We should try to avoid flipping breakers as much as possible - so do we trip test GFCI breakers?
I don’t see how you can test them without tripping the breaker. The only recognized test is using the test buttons on the breaker or receptacle.
Testing a GFCI device is not the same as “flipping breakers.” GFCI devices are critical, life saving components that should be checked for proper operation whenever possible. It doesn’t matter to me whether it’s a GFCI receptacle or a GFCI breaker - I’m testing it.
I agree they should be tested.
Do HI’s make arrangements with the homeowner prior to an inspection where they’re notified that circuits may be shut off for testing purposes?
SOP is set up that you can’t do an inspection without testing the GFCI function.
Complete horse manure.
Everyone would be best advised to ignore everything this moron posts. I’m sure he will have many more inaccurate posts to follow.
Not as a standard practice for most HI’s.
SOP has it in there as I wanted to make sure. Even says to use a GFCI tester whenever possible.
Why would the SOP call for the use of a non recognized testing method instead of the testing laboratories recognized method? The 3 light tester is not recognized nor can you tell if the fault generated is within the trip level of Class A GFI protection. Seems to me the HI should use the correct method of testing.
Actually it calls for both.
If the correct method works why the redundant testing?
Because you can.
A compelling reason if I ever heard one. I guess if the recognized method works you can still write it up with the other results if it “fails”? Kind of a belt and suspenders approach.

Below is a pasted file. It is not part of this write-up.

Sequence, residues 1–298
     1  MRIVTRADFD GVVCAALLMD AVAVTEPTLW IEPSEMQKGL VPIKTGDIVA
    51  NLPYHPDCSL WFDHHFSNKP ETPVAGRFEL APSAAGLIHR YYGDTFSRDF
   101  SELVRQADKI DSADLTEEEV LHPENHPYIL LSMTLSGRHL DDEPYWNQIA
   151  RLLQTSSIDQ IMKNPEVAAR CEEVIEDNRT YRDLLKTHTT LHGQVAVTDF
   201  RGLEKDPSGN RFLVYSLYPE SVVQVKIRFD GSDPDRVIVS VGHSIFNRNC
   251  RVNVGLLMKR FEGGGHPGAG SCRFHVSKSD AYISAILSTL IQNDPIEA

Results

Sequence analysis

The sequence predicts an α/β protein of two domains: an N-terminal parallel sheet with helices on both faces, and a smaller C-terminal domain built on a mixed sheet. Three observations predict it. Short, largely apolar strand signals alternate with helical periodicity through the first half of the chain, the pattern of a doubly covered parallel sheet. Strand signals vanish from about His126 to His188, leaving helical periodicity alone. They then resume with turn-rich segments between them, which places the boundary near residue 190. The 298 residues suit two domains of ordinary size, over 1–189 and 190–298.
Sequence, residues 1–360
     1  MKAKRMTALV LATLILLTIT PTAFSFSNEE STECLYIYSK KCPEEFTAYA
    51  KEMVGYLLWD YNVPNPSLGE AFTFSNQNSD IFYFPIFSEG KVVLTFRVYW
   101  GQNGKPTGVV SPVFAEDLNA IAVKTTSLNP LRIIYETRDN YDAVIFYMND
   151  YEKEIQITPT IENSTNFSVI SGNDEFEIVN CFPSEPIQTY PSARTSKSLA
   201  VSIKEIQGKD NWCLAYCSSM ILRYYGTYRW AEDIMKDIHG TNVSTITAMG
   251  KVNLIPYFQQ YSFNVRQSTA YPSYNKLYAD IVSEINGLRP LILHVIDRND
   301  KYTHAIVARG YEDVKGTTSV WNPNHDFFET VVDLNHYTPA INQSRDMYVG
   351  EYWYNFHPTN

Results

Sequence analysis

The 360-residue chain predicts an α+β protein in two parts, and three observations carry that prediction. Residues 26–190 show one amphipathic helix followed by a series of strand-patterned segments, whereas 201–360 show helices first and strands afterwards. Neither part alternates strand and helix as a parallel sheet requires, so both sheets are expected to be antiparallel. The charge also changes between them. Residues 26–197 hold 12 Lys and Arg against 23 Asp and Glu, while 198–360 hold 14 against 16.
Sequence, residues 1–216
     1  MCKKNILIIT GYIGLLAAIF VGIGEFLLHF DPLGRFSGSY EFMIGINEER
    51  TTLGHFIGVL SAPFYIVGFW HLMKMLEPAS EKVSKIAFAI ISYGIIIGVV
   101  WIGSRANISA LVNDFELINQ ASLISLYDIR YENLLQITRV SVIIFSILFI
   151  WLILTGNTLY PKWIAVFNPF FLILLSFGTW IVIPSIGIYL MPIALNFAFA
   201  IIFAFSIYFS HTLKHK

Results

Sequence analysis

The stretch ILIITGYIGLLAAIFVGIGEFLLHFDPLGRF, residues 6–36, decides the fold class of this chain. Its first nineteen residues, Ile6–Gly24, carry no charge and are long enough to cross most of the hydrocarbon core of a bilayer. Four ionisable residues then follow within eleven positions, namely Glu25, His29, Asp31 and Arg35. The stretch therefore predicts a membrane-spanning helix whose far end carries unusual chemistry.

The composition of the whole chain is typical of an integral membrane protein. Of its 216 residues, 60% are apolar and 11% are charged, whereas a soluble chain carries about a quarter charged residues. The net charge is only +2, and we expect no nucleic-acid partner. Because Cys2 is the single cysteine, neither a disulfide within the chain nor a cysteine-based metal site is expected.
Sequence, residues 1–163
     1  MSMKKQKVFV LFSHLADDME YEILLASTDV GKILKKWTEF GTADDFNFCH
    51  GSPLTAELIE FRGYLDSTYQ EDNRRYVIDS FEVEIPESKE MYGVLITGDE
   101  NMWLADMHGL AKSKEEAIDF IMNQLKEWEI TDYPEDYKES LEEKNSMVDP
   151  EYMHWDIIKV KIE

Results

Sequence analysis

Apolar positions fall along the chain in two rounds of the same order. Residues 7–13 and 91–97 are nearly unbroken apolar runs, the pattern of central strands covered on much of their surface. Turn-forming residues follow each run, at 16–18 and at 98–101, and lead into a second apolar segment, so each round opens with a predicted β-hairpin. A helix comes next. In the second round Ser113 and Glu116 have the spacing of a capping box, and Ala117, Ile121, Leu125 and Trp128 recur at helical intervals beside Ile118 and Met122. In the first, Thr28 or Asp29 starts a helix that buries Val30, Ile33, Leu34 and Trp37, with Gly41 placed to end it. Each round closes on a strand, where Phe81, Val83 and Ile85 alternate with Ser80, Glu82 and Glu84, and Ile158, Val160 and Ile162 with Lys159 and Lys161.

Nobody does this, and it’s not in NACHI SOP.
The SOP states the GFCI is to be inspected (not tested). I do test them.
Those three light testers are not a good way to test GFCI receptacles. Some of them induce current to the EGC, which could be hazardous.
The proper way to test is using the button, with an applied load. Personally, I use the tester (lights) as the load, hit the button, and make sure my lights go out.
Somebody please correct me if I’ve been doing this wrong?
Be sure to leave your tester plugged in until you reset, to be sure it re-energizes! That can be a PIA on some older units.
I would not say the small fault to the egc should be an issue. That is what it is designed for.
ahh, good point JJ. I should have added that I do leave it in to make sure it re-energizes.
Last inspection revealed that very thing. The button did not reset the exterior receptacle, since the trip also tripped the one in the garage, which was feeding the exterior receptacle.
A “redundant” GFCI?
They simulate a leakage current fault just above the 5 mA trip level of the GFCI.
The one in the diagram below shunts 6.7 mA to the ECG.
Where is this hazard you claim?
I have some books on it somewhere, from some Electrical Courses I took some years ago. I can’t find them now, but this is pretty close
Does it say with the GFCI tester or with ****a GFCI tester?